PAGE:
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By Relmor Demitrius

A lot of press has been issued of late about the upcoming Pandora (NYSE:P) IPO. The Internet random music generator company, which gives about half of every penny in revenue directly to royalty charges, is planning on selling shares in the company on Wednesday. It's offering 14.7 million shares at around $10-12 a share. This would generate around $147 million.

As per filings when the offering was announced, part of the money will be to simply repay venture capitalists and another portion expenses. The balance will be held for general corporate purposes. Only around 20% of the company’s equity is being offered here as well. For a company that has never made solid profits, there seem to be a lot of buyers offering cash to invest. Is this money that could have been directed at Sirius XM Radio (NASDAQ:SIRI)? Is Pandora even competition for Sirius? I believe the answer to both those questions is no.

Institutional ownership in Sirius was shown in Q1 to be about 38%, up from 20% just a little over a year ago. With the average price in that time being around $1.50 a share, that is an influx of 700 million shares versus what was sold. That comes to over $1 billion in new money in around one year’s time. Pandora’s IPO seeks to generate $147 million total revenue. Some of that value is instantly gone as it is simply paid to venture capitalists, as previously mentioned. So as you can see, based on this, Pandora’s IPO wouldn’t be deflecting significant funds away.

Looking at total daily volume on Sirius right now, as a three-month average, it's coming in at 80 million shares a day. With an average price lately of about $2 a share, that is $180 million a day being traded in Sirius. That's more than the total value of the offering entirely from Pandora. But we're talking apples and oranges here. One company could buy the other with one quarter of free cash flow, while the other is struggling to make money in a free and advertising business model. Let's compare this in other ways.

Mel Karmazin, CEO of Sirius, likes to show slides of how Sirius compares to its competitors in the same space. I always felt this was a tongue-in-cheek use of the word “competitor,” as these numbers clearly show the only real competitors Sirius has is terrestrial radio. Total radio revenue in the sector is $18.8 billion. Sirius has 15% of that; all Internet radio companies have 5% of it; and terrestrial radio has 80% of it, when it was almost 100% in 2001.

Of subscription radio companies, Sirius receives $2.8 billion of the $3.1 billion total. The other $0.3 billion is all Internet radio companies combined, not just Pandora. That includes Slacker, I heart Radio, Rhapsody, etc.

The actual number of subscribers that use all forms of radio subscriptions comes in at 20.6 million for Sirius, less than 1 million for Spotify, 750,000 for Rhapsody and less than 500,000 for Pandora.

Sirius receives $141 a year per subscriber, Pandora receives $1.68 per user, and Clear Channel receives $13.61 per listener. Sirius' monthly average intake per subscriber is $14.50.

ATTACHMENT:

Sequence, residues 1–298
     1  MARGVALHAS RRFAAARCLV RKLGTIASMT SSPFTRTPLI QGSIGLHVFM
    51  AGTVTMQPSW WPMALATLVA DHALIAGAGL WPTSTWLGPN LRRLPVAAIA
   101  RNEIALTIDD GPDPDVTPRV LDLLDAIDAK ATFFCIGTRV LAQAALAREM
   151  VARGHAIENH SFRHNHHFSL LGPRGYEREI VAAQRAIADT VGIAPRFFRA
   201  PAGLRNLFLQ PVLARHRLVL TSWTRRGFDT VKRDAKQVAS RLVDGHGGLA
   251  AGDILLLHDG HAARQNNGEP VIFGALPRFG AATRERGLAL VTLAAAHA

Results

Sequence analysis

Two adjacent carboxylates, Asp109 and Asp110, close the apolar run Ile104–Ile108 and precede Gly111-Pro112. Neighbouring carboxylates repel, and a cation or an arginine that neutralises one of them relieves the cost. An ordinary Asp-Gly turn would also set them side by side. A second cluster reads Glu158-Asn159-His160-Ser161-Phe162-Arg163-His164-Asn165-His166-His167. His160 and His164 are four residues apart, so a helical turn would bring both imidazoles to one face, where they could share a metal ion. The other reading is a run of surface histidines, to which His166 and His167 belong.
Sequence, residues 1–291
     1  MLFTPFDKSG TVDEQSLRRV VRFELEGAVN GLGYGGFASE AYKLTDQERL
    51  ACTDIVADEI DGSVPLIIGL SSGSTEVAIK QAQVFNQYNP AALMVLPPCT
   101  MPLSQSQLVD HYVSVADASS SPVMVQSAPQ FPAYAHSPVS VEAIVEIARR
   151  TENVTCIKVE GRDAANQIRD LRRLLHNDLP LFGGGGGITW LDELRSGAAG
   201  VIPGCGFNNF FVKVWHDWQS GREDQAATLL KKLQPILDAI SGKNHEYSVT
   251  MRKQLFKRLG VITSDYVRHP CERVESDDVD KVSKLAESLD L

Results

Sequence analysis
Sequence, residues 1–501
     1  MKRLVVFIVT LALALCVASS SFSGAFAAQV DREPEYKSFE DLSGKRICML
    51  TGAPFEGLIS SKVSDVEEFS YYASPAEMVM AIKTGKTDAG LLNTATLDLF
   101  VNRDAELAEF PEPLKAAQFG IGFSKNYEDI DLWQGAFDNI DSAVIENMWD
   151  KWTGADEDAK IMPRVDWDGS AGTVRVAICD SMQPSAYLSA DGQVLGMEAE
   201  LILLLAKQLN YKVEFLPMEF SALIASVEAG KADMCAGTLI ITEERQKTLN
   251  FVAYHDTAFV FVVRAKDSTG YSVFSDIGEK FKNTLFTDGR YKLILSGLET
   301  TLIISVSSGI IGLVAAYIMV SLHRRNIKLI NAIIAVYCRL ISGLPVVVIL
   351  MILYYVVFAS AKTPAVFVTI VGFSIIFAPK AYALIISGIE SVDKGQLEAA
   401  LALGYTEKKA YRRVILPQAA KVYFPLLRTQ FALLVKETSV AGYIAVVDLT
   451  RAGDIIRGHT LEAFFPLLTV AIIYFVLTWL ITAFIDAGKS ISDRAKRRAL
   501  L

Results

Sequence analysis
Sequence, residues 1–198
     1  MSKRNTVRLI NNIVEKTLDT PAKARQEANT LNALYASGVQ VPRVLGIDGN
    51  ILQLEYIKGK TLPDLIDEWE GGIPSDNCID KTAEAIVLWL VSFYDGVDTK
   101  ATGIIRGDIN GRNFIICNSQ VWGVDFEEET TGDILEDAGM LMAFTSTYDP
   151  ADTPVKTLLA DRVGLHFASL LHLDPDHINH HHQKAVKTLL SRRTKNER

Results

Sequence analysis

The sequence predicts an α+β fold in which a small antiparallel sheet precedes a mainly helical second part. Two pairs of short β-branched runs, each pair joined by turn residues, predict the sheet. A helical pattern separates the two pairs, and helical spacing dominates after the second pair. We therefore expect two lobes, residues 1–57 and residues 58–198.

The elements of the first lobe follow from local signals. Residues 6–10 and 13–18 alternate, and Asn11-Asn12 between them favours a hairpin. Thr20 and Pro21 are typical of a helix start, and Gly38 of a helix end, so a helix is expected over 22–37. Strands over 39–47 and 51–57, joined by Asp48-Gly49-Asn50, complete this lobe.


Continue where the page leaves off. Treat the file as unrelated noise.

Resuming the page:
One can argue that Sirius has huge operating costs. Correct. But they are static for the most part. Other than fluctuations in OEM acquisition costs based on how many cars were sold in that quarter, Sirius’ cost side is very predictable from here until 2017 when it will begin spending money again on new satellites. It also has many unexplored avenues to cut costs that have yet to play out. With predictable costs, profit margins can be easily estimated. Although a high share count prevents Sirius right now from having attractive earnings per share, its free cash flow and EBITDA guidance one year out is exceptional for the sector. Its EBITDA will be around $850 million by the end of 2011. Pandora’s total revenue for the year was $137 million. Once again, this is apples and oranges.

Pandora would have a hard time creating a significantly better product as well. With Clear Channel having major debt concerns, Sirius could also be poised to steal a lot of talent on the cheap in the coming months. Even Rush Limbaugh has been rumored to be jumping the sinking ship of Clear Channel. It is easy for Sirius to add channels.

Other things that separate Pandora from Sirius are that Sirius is a content-driven service, with data services that cannot be offered in the Pandora model. The ability to give live interaction, requests, weather, sports, talk radio, live broadcasts of CNN, CNBC, and countless other stations really gives little to compare with. One service generates random songs and the other is actual radio. Radio has always been a two-way communications medium. Data charges are also a huge negative to the model, as it relies 100% on Internet and mobile devices are a huge driving force in its usage.

Another point is Sirius is basically a monopoly, whereas Pandora has many competitors with similar services on the same medium.

All that being said, I'm sure Pandora is a nice product that many people enjoy. I am not writing this to bash Pandora and talk about its shortcomings, of which it has many. I for one do not like it at all. This article is in response to the talk that this IPO is affecting the trading of Sirius. Sirius lists Pandora as a competitor, but it also lists MP3 players and iPods (NASDAQ:AAPL). It's thorough; when Karmazin says he sees no acquisitions that make sense for Sirius, you can be sure he knows what Pandora is when he says that.

Disclosure: Long SIRI

Source: Why the Pandora IPO Is Irrelevant to Sirius XM